BACKGROUND: Residents of prisons have experienced disproportionate COVID-19-related health harms. To control outbreaks, many prisons in the USA restricted in-person activities, which are now resuming even as viral variants proliferate. This study aims to use mathematical modelling to assess the risks and harms of COVID-19 outbreaks in prisons under a range of policies, including resumption of activities. METHODS: We obtained daily resident-level data for all California state prisons from Jan 1, 2020, to May 15, 2021, describing prison layouts, housing status, sociodemographic and health characteristics, participation in activities, and COVID-19 testing, infection, and vaccination status. We developed a transmission-dynamic stochastic microsimulation parameterised by the California data and published literature. After an initial infection is introduced to a prison, the model evaluates the effect of various policy scenarios on infections and hospitalisations over 200 days. Scenarios vary by vaccine coverage, baseline immunity (0%, 25%, or 50%), resumption of activities, and use of non-pharmaceutical interventions (NPIs) that reduce transmission by 75%. We simulated five prison types that differ by residential layout and demographics, and estimated outcomes with and without repeated infection introductions over the 200 days. FINDINGS: If a viral variant is introduced into a prison that has resumed pre-2020 contact levels, has moderate vaccine coverage (ranging from 36% to 76% among residents, dependent on age, with 40% coverage for staff), and has no baseline immunity, 23-74% of residents are expected to be infected over 200 days. High vaccination coverage (90%) coupled with NPIs reduces cumulative infections to 2-54%. Even in prisons with low room occupancies (ie, no more than two occupants) and low levels of cumulative infections (ie, <10%), hospitalisation risks are substantial when these prisons house medically vulnerable populations. Risks of large outbreaks (>20% of residents infected) are substantially higher if infections are repeatedly introduced. INTERPRETATION: Balancing benefits of resuming activities against risks of outbreaks presents challenging trade-offs. After achieving high vaccine coverage, prisons with mostly one-to-two-person cells that have higher baseline immunity from previous outbreaks can resume in-person activities with low risk of a widespread new outbreak, provided they maintain widespread NPIs, continue testing, and take measures to protect the medically vulnerable. FUNDING: Horowitz Family Foundation, National Institute on Drug Abuse, Centers for Disease Control and Prevention, National Science Foundation, Open Society Foundation, Advanced Micro Devices.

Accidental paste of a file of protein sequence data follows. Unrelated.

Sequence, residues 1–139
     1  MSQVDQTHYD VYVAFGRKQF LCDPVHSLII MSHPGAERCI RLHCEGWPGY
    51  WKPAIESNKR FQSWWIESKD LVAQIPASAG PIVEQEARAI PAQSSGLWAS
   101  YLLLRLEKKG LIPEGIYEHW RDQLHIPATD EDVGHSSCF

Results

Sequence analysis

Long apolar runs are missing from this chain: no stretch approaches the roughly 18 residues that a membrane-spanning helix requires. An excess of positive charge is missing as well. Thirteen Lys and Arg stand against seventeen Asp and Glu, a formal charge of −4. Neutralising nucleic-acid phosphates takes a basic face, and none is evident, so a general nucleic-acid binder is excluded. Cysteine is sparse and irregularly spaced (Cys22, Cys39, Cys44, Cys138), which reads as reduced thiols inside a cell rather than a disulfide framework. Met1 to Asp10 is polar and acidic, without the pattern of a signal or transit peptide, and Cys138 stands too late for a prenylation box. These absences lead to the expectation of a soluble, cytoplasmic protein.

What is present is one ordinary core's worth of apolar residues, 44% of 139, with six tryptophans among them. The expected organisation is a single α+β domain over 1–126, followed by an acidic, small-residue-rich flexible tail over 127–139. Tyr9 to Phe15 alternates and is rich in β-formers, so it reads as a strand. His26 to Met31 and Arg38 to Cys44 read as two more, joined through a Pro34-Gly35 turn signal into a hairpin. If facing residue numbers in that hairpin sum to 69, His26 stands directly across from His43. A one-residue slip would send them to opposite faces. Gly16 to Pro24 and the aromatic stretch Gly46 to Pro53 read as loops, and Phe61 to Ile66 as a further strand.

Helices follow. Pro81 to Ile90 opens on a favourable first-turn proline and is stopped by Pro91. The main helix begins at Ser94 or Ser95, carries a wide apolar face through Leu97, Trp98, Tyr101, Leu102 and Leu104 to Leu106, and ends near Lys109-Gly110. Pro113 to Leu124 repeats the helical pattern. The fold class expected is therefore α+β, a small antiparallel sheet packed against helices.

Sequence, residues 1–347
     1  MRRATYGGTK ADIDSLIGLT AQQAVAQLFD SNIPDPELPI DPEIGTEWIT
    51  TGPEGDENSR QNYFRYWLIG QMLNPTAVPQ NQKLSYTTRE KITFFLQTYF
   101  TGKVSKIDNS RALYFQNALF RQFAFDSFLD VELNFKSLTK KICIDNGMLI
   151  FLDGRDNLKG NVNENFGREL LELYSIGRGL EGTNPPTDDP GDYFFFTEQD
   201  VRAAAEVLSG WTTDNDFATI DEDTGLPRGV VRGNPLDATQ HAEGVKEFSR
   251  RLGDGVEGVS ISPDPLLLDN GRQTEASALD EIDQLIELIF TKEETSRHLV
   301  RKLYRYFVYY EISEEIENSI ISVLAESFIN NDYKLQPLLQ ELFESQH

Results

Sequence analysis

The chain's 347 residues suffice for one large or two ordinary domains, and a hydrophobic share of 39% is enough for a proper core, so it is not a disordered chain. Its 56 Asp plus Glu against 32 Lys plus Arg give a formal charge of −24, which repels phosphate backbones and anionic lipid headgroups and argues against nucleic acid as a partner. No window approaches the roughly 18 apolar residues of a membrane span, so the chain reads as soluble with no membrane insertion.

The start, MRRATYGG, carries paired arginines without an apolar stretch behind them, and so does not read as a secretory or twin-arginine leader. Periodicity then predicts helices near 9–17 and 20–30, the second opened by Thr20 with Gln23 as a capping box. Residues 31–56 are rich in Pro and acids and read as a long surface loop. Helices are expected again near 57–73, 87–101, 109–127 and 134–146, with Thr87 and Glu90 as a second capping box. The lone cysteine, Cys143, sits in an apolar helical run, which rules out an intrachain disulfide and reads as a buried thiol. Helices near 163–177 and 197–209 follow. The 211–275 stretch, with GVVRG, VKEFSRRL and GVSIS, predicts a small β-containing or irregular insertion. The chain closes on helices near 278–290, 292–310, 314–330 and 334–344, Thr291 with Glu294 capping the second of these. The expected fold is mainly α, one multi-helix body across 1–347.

Subject(s)